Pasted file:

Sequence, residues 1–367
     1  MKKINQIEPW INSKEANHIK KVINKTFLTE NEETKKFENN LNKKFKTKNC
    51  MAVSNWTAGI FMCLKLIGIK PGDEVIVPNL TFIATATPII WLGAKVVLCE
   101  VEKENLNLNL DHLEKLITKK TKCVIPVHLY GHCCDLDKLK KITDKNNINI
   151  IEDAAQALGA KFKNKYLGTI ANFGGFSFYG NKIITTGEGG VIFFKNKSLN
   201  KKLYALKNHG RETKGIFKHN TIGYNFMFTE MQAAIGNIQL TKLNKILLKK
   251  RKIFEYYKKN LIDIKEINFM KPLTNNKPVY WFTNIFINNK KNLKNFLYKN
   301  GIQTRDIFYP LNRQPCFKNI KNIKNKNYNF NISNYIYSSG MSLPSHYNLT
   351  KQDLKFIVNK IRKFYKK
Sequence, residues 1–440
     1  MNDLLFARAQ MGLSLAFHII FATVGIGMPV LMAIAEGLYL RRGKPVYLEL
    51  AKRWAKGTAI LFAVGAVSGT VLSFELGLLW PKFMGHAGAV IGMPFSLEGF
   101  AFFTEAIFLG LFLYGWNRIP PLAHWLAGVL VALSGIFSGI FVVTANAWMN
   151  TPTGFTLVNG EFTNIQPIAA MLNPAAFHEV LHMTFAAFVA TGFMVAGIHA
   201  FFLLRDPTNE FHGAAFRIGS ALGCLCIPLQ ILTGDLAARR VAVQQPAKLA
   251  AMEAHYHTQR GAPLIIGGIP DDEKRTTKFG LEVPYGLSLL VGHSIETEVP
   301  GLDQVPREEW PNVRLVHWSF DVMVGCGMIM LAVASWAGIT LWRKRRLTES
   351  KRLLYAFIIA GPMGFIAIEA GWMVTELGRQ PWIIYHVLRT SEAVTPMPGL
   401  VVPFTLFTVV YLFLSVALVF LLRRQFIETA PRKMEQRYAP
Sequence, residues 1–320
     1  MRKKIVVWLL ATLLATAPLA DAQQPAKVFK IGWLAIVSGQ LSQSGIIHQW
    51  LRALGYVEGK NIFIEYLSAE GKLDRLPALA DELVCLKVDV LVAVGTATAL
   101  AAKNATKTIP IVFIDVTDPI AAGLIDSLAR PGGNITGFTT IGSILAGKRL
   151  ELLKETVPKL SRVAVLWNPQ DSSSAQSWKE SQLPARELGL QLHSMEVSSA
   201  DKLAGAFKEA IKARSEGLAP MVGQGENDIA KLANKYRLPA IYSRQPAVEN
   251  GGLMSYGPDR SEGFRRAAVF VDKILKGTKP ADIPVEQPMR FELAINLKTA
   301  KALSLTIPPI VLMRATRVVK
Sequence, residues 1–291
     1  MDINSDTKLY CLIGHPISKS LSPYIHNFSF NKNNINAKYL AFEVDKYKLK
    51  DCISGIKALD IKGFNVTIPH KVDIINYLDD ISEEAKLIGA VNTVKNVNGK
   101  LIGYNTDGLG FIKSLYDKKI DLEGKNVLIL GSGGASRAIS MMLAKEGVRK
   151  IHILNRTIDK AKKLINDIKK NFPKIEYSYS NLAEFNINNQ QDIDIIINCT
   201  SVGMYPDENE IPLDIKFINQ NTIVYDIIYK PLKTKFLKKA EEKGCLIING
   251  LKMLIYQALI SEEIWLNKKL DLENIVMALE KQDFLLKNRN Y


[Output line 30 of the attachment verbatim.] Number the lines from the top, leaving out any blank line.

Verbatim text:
    51  DCISGIKALD IKGFNVTIPH KVDIINYLDD ISEEAKLIGA VNTVKNVNGK